Markkula Center of Applied Ethics

Ozone Debate:
Environmentalists and Business Collide--Again

By Claire Andre and Manuel Velasquez

In 1985, scientists startled the world with an ominous discovery. While monitoring the stratosphere over Antarctica, they discovered a hole in the earth's ozone layer. By 1987, the hole had increased to the size of the continental U.S. Last winter, scientists found evidence of the same destructive process at work in the Arctic's stratosphere. Worldwide deterioration of the ozone shield had begun and was progressing at an alarming rate.

Ozone is a form of oxygen that is present in small but crucial amounts in the stratosphere, between six and thirty miles above the surface of the earth. The ozone layer absorbs solar ultraviolet radiation, protecting humans from skin cancer, cataracts, and immune system deficiencies. Studies indicate that many other forms of life, from bacteria to agricultural crops, may be harmed by increased doses of ultraviolet light.

The destruction of the ozone shield is linked to chlorofluorocarbons, or CFCs, one million tons of which are released annually around the world. These chemicals serve as the coolants in our air conditioners and refrigerators, the foaming agents in our styrofoam packaging and insulation, the sterilants used to sanitize our surgical instruments, and the solvents used to clean scores of electrical components. Each of these products releases CFCs into the atmosphere. Once free, the CFCs float up to the ozone layer and remain there for 75 to 100 years, destroying the ozone molecules.

Every 1% drop in ozone results in a 2% increase in the intensity of the most harmful type of ultraviolet radiation, UV-B. Scientists predict that, beyond the health risks to humans, a prolonged increase of UV-B rays could set in motion far-reaching and unpredictable ecological changes. There is evidence, for example, that UV-B reduces the nutrient content and yield of crops such as soybeans and peas. It also kills off microorganisms at the bottom of the marine food chain, the base on which much of the world's population depends for protein.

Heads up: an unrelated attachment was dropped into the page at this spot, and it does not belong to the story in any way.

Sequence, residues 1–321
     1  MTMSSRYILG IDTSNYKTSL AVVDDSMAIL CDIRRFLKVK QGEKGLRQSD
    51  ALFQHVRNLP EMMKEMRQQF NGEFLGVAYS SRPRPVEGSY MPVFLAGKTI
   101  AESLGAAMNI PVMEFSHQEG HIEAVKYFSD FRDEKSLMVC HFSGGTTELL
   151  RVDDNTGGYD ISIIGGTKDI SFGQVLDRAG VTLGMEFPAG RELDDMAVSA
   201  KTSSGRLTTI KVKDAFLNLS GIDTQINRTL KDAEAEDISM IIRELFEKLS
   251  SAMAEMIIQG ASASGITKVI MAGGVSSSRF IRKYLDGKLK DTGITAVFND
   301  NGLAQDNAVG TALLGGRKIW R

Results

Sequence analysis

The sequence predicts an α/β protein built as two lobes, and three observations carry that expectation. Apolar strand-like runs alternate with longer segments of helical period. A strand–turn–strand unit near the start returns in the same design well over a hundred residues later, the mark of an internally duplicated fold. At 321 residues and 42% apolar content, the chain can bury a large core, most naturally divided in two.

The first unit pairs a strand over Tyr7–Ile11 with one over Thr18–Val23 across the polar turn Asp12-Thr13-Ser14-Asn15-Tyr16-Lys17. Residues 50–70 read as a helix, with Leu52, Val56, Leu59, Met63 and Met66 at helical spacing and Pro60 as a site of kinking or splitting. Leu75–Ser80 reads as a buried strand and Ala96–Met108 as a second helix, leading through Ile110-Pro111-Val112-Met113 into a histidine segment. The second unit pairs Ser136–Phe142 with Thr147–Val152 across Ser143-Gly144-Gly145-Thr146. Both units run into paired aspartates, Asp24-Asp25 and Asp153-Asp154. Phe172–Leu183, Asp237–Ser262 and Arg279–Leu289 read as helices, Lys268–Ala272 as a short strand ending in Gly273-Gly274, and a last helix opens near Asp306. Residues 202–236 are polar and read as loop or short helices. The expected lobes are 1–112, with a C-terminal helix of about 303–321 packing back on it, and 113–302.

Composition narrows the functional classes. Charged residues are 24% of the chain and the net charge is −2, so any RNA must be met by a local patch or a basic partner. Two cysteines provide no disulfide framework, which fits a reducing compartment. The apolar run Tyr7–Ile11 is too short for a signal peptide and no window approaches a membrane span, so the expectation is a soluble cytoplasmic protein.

In 1987, international concern over the effect of CFCs on the ozone layer led to the signing of a treaty calling for a 50% cut in the production and consumption of CFCs by 1999. This past May, representatives from 86 countries voiced their support for a total ban on their use.

But in the wake of mounting evidence of the destructive capacities of CFCs, environmentalists have called for an immediate and total ban on the use of ozone-depleting chemicals for the sake of future generations.

Industry, on the other hand, opposes such a drastic step, arguing that time is needed to develop substitutes for the chemicals.

Do we have a moral obligation to halt the use and production of CFCs?

The Case for Continued Use of CFCs
Those who oppose an immediate ban on CFCs argue that an immediate ban on CFCs would inflict great harm on society, but would produce few benefits.

First, an immediate ban on CFCs would impose enormous costs on industry and consumers alike. In the United States alone, CFCs are currently contained in 100 million refrigerators, 90 million cars and trucks, 40,000 supermarket display cases, and 100,000 commercial building air conditioners. Dupont has estimated that banning CFCs would render useless or require alterations of equipment valued at $135 billion in the U.S. Moreover, CFCs are central to the manufacture of semiconductors, the building block of the electronics industry.

To date, industry has found no adequate substitute for the chemicals. If CFCs were banned today, businesses such as dry-cleaning, auto refinishing, printing, and baking would be forced to shut down or be forced to install costly controls, and prices for a wide range of consumer products and services would increase.

Second, the substitutes developed for CFCs are toxic or extremely dangerous to use. Without nontoxic substitutes in place, society would only be trading one harm for another by insisting on an immediate ban.

Third, halting the production and use of CFCs would harm our quality of life and that of future generations. We would be forced to do without countless products that have come to be virtually indispensable. And the electronics industry could be crippled, threatening the benefits it promises for both present and future generations.

While the harms that would be ushered in by an immediate ban on CFCs are considerable, the benefits are not. Recent reports of research being done in Antarctica indicate that ocean and plant life are adjusting to the ozone hole. A gradual phaseout of CFCs is admittedly in order, but an immediate ban is not.

Appeals to justice also underlie opposition to an immediate ban on CFCs. Justice requires that benefits and burdens be distributed equally. Banning the use of CFCs today would impose a great burden on the present generation, while the primary beneficiaries would be future generations.